Tracy Reese, Stephen Burrows and Gavin Douglas are synonymous with the term fashion designers of color. They have paved the way for the generation of emerging designers, all while amassing international acclaim, catering to their A-list clientele and selling in the world’s greatest retailers. We revel in their success but we can’t help but wonder, who are they designing for?
Despite the murmurs of naysayers, there are plenty of women of color who love fashion. We understand the craft and the quality of a garment but just because we don’t have American Express black cards, that makes us the less desirable market.
When it comes to fashion for us, there are two extremes – luxury and mass marketed. Designers like the ones mentioned above have chosen the luxury route and their goods retail around $250. On the lower end, we have Apple Bottoms, House of Deréon and Baby Phat that cater to the more urban crowd.
Technically, I’m neither, so where does that leave me? Shopping in stores like Zara wishing that one day a designer of color will step up to the plate and design for me and my wallet. Please note, this is not to belittle the artistic expression of the designers, but I’m a working woman who does not want a glittered emblem on the butt of my pants or a credit card bill that haunts me for the rest of my life.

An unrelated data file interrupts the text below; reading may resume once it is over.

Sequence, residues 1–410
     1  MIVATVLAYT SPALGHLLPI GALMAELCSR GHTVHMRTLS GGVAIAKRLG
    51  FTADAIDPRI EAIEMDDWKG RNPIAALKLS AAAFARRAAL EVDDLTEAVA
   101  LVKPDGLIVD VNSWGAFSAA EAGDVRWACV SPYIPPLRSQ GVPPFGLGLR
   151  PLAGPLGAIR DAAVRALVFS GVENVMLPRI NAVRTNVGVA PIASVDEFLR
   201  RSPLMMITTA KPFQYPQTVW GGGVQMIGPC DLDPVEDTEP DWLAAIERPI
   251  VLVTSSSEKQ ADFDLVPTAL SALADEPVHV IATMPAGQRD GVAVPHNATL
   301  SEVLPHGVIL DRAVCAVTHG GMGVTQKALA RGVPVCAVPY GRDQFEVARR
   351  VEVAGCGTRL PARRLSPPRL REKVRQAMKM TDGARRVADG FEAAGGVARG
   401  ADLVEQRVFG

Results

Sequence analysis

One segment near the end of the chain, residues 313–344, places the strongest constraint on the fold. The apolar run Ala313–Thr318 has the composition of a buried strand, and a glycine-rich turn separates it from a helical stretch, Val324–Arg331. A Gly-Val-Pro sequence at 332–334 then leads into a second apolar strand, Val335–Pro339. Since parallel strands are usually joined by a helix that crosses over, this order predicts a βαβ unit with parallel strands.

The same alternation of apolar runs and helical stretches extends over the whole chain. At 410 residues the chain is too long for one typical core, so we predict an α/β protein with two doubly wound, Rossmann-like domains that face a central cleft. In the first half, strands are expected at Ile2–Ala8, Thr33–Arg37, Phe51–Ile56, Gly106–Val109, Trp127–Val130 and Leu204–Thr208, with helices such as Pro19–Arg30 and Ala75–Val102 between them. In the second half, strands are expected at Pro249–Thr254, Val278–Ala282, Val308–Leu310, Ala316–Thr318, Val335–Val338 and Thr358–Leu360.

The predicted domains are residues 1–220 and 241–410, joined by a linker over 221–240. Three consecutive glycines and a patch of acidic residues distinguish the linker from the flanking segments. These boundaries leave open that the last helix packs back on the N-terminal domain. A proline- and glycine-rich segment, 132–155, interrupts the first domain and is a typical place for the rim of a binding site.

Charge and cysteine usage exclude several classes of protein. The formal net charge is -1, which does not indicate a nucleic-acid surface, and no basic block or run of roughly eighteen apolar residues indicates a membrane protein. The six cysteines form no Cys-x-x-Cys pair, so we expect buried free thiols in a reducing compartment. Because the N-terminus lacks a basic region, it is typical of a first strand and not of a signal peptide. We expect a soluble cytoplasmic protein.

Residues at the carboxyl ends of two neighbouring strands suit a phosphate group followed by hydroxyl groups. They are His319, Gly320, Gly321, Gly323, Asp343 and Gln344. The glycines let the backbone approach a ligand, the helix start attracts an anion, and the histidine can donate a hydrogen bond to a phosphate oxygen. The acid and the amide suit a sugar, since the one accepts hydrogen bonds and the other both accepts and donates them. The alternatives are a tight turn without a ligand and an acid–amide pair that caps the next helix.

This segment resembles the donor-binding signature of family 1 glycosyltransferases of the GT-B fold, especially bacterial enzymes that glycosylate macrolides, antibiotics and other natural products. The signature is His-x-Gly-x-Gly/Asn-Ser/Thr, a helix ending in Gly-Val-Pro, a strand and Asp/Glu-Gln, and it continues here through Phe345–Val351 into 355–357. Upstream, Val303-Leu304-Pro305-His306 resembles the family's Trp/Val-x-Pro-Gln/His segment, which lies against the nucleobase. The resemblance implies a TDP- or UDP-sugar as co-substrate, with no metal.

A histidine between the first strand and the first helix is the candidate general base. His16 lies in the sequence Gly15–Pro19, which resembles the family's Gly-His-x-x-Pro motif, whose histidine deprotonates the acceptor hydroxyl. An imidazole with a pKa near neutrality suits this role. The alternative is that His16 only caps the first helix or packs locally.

From my visualization, there’s no equilibrium in fashion and the woman of color in Middle America is forgotten. Houston, this is a huge problem.
Not only is my career progressing but I know that one day my clothing allowance will include a nice cushion for those $550 pair of Courtney Crawford heels. But I’ll hesitate. Not because I don’t support my fellow minority designers, but because those designers never took the opportunity to make their designs attainable for people like me.
I mean, what is really stopping designers from catering to the middle class? It’s not like they can lose.
We’re in the day and age where everyone is creating a diffusion line. Matthew Williamson, Karl Lagerfeld, Thakoon, Alexander McQueen have more than fashion empires in common, they’ve all managed to sell affordable designs at H&M and Target which broadened their customer base and their repertoire. And after all that, their business was not affected by offering something to us other folks.
Are the mass merchandisers reaching out to these designers or are they ignoring them? I truly do not understand because there is clearly a demand for affordable fashions so where is the supply?
Sure, Tracy Reese has two diffusion ready-to-wear collections but they are all in the same price point as her main collection. Rachel Roy, whose diffusion line for Macy’s debuts this fall, is on her third diffusion line, Rachel Rachel Roy, where her designs are available for under $300.
Are designers of color afraid to reach out to us for fear that once they go black, they can never go back?
Mr. and Ms. Designer Extraordinaire, keep this in mind as you gather inspiration for your next collection. Not catering to a woman with billions in buying power is only a disservice to your brand. We want to drape ourselves in your designs, but you won’t allow us to. Creating something for the working class woman of color can only help you reach the platform of success that you desire.
Have you seen the lines at H&M when those designers debut their collections? Can you imagine that being your designs? So what are you waiting for?